Stoker might best be described as Hamlet meets Alfred Hitchcock. 18-year-old India Stoker, Wasikowska, lives on a beautiful estate out in the country. This isn’t middle-class suburbia. It’s one of those gorgeous exurban palaces surrounded by a generously forested countryside that we all dream about. For India, after she learns about her father’s death in fiery car crash, it becomes an affluent hell. India’s mother, a middle-aged but carefully preserved Nicole Kidman, plays Gertrude to India’s Hamlet. Evelyn Stoker, who looks nothing her daughter, is a tall, fair, suburban housewife with bright red hair, and a vain, clueless narcissism. When India’s uncle Charlie, Matthew Goode, shows up the day after the funeral, we quickly realize that he’s going to be the film’s Claudius. He easily seduces Evelyn, then sets his sights on India.

A negative review in The New Republic remarked that Mia Wasikowska, at 24, is probably too old to play an 18-year-old girl. She’s also too beautiful and too composed to play an abused 18-year-old in a completely realistic way, but, under Park Chan-wook’s stylish direction she embodies the idea of an abused 18-year-old girl. If Mia Wasikowska’s too old to play an 18-year-old, she’s ridiculously young to have mastered acting so completely. With her lank dark hair, sullen expression, and refined, precise way of speaking — an Australian accent with all of its Australian intonations carefully removed — there’s a murderous rage in the way she walks, the way she slouches, even the way she chews her food.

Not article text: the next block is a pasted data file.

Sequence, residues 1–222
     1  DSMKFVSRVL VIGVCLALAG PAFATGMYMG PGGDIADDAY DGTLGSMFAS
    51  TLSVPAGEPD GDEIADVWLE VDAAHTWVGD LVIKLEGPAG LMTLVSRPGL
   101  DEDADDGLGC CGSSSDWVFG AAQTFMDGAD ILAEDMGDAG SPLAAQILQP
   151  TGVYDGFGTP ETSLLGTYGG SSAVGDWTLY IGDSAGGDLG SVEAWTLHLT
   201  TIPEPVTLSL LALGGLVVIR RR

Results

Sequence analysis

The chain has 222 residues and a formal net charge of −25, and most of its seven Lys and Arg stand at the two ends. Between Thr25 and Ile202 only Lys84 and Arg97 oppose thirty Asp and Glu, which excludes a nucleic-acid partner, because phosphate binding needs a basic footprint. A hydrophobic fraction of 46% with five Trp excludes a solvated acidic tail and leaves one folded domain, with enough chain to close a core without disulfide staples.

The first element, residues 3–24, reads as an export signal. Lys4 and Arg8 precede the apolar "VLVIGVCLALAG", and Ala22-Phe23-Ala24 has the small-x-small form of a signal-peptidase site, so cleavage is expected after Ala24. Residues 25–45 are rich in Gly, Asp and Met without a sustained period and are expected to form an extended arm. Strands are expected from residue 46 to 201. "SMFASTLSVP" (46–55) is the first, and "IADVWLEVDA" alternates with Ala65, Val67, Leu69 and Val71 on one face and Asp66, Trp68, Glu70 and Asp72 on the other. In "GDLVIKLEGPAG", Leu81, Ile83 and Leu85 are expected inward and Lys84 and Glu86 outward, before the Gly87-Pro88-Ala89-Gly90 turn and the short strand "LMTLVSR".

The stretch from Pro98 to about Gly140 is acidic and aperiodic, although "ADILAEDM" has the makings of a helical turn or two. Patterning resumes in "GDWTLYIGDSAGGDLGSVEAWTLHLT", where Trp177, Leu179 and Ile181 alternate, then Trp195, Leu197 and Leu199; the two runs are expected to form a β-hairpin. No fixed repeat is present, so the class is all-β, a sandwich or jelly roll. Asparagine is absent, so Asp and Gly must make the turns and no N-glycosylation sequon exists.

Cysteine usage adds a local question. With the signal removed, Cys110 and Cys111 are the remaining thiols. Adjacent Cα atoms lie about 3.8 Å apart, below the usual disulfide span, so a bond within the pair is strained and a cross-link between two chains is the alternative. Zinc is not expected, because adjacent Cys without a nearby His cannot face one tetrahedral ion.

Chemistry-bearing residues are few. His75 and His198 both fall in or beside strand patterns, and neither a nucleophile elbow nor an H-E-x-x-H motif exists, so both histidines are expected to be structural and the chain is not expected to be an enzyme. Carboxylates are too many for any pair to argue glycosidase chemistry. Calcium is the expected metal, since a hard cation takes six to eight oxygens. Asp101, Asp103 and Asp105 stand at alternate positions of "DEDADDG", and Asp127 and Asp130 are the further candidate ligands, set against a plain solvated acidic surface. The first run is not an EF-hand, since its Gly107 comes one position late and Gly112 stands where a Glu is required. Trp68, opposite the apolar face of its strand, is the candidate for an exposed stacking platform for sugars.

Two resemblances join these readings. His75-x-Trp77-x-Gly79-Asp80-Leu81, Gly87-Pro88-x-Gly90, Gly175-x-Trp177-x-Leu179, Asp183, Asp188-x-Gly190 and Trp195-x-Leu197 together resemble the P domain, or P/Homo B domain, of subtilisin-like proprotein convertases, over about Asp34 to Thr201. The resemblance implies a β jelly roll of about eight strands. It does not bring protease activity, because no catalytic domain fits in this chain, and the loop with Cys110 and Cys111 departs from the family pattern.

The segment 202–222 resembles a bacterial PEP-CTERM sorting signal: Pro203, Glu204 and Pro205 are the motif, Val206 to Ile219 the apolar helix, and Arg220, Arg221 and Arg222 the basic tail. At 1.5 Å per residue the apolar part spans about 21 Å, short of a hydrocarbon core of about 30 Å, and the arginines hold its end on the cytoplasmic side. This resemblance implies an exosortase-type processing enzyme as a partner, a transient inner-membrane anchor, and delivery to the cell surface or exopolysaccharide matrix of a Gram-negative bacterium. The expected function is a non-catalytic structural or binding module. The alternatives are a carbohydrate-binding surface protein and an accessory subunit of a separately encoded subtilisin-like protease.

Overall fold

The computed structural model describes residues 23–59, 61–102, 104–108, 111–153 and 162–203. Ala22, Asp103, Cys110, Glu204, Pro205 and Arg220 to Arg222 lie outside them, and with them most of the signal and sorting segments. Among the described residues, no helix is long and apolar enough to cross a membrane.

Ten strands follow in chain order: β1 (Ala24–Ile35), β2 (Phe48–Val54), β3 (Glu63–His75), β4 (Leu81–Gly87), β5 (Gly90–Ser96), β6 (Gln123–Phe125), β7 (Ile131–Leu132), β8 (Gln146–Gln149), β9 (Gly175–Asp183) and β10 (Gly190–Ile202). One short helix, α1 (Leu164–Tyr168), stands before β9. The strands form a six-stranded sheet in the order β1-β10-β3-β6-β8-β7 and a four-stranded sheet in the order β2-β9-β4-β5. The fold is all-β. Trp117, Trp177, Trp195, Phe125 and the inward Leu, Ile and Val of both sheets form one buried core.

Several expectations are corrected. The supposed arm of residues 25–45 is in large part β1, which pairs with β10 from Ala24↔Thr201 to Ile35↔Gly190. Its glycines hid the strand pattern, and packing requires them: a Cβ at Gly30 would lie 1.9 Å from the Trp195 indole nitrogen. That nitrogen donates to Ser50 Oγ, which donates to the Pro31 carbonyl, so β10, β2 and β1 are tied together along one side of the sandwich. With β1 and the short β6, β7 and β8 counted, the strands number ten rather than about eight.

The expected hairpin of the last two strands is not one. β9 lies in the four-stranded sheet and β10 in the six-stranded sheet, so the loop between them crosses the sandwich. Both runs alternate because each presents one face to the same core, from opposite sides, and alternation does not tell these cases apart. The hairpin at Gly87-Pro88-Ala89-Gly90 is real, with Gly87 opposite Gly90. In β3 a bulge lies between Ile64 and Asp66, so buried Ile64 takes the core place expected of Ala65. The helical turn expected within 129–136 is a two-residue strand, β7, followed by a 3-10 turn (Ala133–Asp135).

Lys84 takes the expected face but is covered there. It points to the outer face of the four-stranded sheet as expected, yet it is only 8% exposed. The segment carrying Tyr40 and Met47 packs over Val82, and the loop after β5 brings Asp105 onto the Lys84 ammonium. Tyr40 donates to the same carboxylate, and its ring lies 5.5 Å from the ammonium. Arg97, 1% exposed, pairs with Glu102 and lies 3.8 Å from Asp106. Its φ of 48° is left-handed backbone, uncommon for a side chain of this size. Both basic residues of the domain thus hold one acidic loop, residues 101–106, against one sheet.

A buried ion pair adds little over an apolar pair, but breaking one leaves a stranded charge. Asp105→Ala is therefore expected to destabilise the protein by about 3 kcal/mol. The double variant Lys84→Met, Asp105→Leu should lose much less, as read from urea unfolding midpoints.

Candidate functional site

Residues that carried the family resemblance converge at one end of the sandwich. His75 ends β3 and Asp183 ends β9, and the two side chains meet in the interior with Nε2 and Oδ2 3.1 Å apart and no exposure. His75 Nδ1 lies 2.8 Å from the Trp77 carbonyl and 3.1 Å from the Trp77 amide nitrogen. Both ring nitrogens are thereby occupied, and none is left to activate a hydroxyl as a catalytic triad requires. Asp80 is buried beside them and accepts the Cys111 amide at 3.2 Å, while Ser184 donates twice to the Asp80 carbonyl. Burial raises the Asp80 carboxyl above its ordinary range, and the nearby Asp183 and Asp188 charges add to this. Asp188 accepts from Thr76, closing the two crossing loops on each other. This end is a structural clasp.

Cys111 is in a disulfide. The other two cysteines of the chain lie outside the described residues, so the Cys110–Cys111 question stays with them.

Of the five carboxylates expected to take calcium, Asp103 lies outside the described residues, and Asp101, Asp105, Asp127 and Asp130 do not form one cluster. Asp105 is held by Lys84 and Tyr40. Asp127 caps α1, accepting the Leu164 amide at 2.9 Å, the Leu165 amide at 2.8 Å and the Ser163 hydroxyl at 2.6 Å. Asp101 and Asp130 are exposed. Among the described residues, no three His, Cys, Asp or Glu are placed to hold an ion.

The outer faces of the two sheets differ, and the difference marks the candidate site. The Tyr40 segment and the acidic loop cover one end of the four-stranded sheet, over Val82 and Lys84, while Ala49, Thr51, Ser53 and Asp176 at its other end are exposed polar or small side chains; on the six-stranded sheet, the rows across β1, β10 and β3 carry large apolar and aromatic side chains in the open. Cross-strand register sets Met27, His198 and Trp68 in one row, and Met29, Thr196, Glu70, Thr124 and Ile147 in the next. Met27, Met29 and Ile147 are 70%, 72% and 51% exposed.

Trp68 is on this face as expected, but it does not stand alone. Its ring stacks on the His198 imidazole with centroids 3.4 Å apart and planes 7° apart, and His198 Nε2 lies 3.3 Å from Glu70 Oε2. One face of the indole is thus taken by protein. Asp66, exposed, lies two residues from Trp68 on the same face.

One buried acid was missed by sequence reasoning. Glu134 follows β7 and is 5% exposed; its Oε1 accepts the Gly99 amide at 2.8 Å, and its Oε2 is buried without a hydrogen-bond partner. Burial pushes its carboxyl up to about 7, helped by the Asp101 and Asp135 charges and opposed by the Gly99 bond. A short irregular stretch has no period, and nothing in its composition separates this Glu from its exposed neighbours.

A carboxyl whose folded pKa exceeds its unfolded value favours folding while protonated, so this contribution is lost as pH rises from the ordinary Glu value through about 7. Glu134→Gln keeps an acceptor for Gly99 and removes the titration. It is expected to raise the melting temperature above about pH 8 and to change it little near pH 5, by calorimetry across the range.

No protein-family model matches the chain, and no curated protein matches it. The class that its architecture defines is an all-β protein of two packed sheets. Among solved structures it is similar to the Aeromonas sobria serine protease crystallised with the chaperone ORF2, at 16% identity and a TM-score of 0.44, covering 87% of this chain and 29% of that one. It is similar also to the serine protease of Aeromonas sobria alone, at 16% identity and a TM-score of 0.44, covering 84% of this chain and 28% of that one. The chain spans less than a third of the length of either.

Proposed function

Matthew Goode doesn’t look like an abuser. Handsome, well-dressed, socially adroit, he’s the last man we’d expect to see on “To Catch a Predator.” After Charlie Stoker moves in with India and her mother, we can see that India doesn’t buy his act for a second.  But that’s the point. Charlie wants India to hate him. He enjoys it. It’s a game. Watching her squirm under his relentless, overbearing stalker’s game of seduction, confirms how much power he has.  The goal isn’t just to abuse her. It’s to rattle her just when she should feel most confident, to transform her instincts for survival into self-destructive incompetence.